Oil Plunges 3% on Fuel Demand Concerns as Europe Extends COVID-19 Lockdowns

On Monday, oil prices dropped more than 3 percent on fears that expanding coronavirus locks across Europe would weaken demand for gasoline, and as markets braced for volatility during the U.S. presidential election week.

For January, Brent crude futures LCOc1 fell $1.34, or 3.5 percent, to $36.60 a barrel by 0410 GMT, while the U.S. CLc1’s West Texas Intermediate futures fell $1.41, or 3.9%, to $34.38. In early trading, Brent plunged as much as 5.8% and WTI as much as 6 percent, touching their lowest since May. In order to try to slow COVID-19 infection rates that have increased in the past month, countries across Europe have re-imposed lockdown steps.

Michael McCarthy, chief market strategist at CMC Markets in Sydney, said, “Many traders are now looking at the U.S. and its growing infection rates and wondering if Europe is providing the blueprint for what will happen in the U.S. in the coming weeks.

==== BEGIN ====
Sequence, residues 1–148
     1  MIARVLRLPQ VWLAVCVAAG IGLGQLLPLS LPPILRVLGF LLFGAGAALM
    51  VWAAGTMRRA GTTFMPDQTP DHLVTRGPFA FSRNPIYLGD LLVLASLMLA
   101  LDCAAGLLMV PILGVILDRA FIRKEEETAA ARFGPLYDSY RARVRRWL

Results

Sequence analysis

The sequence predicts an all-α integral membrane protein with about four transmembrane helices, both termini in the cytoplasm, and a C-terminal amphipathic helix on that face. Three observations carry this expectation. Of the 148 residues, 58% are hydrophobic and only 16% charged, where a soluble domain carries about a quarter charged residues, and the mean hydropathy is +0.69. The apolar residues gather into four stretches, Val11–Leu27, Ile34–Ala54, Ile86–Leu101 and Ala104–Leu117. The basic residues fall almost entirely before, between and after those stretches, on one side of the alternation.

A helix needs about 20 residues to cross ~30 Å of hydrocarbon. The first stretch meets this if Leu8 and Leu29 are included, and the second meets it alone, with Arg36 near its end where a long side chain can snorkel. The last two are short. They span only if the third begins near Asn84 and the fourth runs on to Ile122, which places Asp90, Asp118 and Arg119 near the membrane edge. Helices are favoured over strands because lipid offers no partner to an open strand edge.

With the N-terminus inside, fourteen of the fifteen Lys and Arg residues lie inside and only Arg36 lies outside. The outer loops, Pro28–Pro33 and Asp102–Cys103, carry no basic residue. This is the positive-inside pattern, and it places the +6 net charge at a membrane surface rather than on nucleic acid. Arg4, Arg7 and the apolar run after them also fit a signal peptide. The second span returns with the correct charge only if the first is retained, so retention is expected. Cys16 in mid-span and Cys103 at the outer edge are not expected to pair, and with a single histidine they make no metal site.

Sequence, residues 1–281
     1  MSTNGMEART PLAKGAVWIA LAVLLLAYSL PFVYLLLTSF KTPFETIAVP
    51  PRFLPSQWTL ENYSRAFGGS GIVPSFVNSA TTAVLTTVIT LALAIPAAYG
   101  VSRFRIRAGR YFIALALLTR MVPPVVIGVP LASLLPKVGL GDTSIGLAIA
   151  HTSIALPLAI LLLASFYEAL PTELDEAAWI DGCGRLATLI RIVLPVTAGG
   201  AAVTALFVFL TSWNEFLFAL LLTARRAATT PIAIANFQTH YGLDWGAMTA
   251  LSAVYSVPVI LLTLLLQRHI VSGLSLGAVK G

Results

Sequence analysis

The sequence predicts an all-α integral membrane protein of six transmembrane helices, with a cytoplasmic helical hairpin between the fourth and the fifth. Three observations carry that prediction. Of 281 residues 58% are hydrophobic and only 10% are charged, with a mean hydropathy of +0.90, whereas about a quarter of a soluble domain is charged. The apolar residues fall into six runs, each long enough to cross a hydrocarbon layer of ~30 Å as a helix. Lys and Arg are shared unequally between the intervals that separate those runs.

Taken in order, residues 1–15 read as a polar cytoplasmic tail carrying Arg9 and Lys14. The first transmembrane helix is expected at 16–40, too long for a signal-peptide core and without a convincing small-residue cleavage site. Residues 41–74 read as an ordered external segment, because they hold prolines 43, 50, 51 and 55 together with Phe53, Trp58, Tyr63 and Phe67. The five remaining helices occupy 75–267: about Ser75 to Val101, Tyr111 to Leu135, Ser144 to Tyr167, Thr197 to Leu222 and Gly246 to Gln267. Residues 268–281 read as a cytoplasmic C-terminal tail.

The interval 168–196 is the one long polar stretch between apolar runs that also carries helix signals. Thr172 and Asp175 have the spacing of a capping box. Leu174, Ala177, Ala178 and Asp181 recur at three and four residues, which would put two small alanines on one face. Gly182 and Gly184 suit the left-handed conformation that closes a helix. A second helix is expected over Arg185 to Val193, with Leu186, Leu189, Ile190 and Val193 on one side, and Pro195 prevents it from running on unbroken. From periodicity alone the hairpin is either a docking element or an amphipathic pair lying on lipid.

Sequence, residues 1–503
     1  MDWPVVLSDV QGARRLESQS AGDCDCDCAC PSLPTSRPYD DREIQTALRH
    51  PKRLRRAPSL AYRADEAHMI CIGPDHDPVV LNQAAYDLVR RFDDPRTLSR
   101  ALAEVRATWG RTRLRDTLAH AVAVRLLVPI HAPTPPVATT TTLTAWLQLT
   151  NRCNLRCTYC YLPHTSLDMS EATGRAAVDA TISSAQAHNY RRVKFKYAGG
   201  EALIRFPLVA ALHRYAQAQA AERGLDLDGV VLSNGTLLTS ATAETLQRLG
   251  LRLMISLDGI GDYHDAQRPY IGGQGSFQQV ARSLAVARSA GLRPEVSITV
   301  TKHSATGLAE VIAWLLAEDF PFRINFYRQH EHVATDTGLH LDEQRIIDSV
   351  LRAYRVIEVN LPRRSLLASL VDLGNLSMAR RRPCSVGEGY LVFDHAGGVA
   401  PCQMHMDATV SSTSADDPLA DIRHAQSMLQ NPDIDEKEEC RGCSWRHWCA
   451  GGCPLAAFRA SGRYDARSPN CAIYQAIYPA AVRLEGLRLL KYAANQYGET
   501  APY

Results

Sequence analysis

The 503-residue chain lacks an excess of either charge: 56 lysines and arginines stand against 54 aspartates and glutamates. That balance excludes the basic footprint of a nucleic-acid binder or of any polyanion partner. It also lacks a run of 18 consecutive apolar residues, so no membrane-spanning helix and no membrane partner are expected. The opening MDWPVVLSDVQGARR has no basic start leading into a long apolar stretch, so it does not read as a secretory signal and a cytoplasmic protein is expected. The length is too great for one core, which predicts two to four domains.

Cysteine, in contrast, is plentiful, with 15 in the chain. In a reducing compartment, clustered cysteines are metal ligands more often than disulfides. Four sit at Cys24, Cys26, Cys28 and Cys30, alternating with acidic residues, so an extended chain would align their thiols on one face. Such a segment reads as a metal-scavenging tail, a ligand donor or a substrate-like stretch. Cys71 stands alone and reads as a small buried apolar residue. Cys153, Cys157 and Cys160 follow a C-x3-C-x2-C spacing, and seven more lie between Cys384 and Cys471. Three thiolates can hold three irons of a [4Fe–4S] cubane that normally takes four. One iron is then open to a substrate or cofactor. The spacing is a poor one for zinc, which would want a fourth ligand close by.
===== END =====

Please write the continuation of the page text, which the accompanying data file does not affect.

After Japan’s export orders increased for the first time in two years, oil pared some losses and China’s factory activity rose to nearly a decade high in October. More manufacturing surveys are due later in the day from the Eurozone and the US.

OPEC and the United States’ worries about declining demand and increasing supplies caused oil prices to fall in October for a second straight month, with WTI dropping 11 percent and Brent 8.5 percent.

A Reuters survey showed that increasing supplies from Libya and Iraq, members of the Organization of Petroleum Exporting Countries (OPEC), offset production cuts by other OPEC members and caused the output of the group to rise in October for a fourth month.

Goldman Sachs said that the Oil demand is outpacing supply by 2.5 million barrels per day (bpd) and that deficit is likely to remain this winter as heating consumption and emerging markets are projected to increase by approximately 1.5 million bpd, compensating for the European lockdown hit.

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#COVID19 #Demand #Europe #Lockdown #Oil Fuel
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